According to her, he often fails to show up and allows one of his lawyers to file and swear to statements on his behalf.
The Chief Justice emphasized that such conduct is irregular and must not be encouraged, stating, “He doesn't treat this court properly. He engages in this court, and he refuses to appear. When you ask the court to exercise discretion, you must treat the court properly.”
The concerns were raised during a five-member panel's hearing of a case filed by the legislator. Mr. Quayson sought to halt his trial, claiming that the High Court erred in refusing a request for prosecutors to provide certain documents they had failed to disclose.
Attorney General Godfred Yeboah had informed the High Court that his office had supplied all the documents to the legislator and referred to correspondence between his office and the MP's legal team showing that the documents in their possession had been examined.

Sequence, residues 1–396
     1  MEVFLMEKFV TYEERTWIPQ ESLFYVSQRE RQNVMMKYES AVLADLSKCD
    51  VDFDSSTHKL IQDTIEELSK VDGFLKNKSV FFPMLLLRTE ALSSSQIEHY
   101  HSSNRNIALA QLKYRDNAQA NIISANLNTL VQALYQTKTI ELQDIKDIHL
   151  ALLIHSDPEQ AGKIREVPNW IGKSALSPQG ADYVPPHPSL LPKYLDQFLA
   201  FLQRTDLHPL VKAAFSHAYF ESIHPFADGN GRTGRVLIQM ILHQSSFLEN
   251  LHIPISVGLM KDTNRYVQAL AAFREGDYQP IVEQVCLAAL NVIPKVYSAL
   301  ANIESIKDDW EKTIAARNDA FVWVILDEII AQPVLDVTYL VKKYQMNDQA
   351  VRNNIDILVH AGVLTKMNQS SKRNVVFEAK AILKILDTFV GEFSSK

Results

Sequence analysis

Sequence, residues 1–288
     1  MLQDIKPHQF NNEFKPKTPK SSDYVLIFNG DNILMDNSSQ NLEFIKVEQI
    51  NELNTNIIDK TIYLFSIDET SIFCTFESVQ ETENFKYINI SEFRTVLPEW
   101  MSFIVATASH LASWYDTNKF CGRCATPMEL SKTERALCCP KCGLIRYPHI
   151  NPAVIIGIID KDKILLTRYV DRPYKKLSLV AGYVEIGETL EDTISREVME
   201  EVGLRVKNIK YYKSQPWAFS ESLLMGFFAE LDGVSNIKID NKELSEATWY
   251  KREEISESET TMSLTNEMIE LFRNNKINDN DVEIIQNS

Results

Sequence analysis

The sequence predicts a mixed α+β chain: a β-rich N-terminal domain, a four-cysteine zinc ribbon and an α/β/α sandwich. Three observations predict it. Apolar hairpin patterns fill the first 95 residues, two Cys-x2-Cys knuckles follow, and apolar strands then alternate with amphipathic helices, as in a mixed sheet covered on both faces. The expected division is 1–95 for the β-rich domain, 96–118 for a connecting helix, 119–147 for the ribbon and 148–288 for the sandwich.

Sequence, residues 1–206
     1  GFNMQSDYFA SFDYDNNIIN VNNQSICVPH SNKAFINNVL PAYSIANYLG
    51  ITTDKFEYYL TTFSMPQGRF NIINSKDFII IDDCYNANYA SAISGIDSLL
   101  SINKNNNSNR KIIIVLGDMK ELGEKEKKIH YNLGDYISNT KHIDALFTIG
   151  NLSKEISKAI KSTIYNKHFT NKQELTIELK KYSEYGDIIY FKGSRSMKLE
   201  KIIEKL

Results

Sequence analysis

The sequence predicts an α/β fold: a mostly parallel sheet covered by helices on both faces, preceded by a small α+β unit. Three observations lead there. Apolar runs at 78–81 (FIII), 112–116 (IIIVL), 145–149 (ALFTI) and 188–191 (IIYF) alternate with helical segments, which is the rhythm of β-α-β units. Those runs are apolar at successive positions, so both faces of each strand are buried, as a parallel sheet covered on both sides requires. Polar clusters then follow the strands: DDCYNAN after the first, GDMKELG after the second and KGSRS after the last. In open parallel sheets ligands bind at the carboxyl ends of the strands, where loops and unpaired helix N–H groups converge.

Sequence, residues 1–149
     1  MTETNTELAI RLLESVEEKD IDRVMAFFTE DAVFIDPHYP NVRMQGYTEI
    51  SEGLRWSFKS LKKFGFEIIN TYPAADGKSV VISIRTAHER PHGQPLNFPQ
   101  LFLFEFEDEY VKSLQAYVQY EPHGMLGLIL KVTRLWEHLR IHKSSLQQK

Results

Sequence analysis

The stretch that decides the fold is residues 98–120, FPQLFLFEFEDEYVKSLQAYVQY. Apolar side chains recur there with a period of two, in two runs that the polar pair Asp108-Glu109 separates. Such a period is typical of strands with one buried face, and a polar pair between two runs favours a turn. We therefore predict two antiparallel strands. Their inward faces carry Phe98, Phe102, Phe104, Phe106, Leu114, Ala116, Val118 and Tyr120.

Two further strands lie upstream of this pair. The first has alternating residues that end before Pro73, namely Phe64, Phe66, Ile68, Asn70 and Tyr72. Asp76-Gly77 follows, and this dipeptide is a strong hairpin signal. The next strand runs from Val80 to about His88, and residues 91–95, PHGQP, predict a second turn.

However, lawyers for Mr. Quayson disagreed, stating that the AG cannot refer to those correspondences since they had not filed an appropriate response.
The High Court's disagreement led the MP's legal team to take the matter to the Supreme Court, where Mr. Quayson's lawyer, Justin Teriwajah, urged the apex court to set aside the High Court's decision, alleging that the court relied on evidence not properly presented to it.
The Attorney General countered, pointing out irregularities in the processes, and emphasized that the High Court committed no error of law.
The Chief Justice and the panel members expressed their concerns over the MP's continuous absence and the practice of lawyers swearing documents on his behalf.
The case was heard by Chief Justice Gertrude Torkonoo and Justices Issiufu Amadu Tanko, Emmanuel Kulendi, Samuel Asiedu, and Ernest Gaewu.